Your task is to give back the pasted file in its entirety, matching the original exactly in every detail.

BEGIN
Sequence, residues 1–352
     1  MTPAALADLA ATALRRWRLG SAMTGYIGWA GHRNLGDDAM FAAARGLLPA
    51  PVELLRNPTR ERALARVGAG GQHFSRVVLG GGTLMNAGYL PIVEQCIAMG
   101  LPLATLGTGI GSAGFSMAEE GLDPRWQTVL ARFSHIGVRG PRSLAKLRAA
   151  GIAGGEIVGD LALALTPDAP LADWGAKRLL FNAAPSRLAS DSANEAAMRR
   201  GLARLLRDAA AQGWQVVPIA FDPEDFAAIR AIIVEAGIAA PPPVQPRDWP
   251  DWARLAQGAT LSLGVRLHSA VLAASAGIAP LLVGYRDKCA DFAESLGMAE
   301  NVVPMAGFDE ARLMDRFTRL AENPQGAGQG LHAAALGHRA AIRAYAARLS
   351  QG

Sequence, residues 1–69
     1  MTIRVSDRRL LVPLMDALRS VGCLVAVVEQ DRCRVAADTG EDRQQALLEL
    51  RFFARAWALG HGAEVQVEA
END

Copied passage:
Sequence, residues 1–352
     1  MTPAALADLA ATALRRWRLG SAMTGYIGWA GHRNLGDDAM FAAARGLLPA
    51  PVELLRNPTR ERALARVGAG GQHFSRVVLG GGTLMNAGYL PIVEQCIAMG
   101  LPLATLGTGI GSAGFSMAEE GLDPRWQTVL ARFSHIGVRG PRSLAKLRAA
   151  GIAGGEIVGD LALALTPDAP LADWGAKRLL FNAAPSRLAS DSANEAAMRR
   201  GLARLLRDAA AQGWQVVPIA FDPEDFAAIR AIIVEAGIAA PPPVQPRDWP
   251  DWARLAQGAT LSLGVRLHSA VLAASAGIAP LLVGYRDKCA DFAESLGMAE
   301  NVVPMAGFDE ARLMDRFTRL AENPQGAGQG LHAAALGHRA AIRAYAARLS
   351  QG

Sequence, residues 1–69
     1  MTIRVSDRRL LVPLMDALRS VGCLVAVVEQ DRCRVAADTG EDRQQALLEL
    51  RFFARAWALG HGAEVQVEA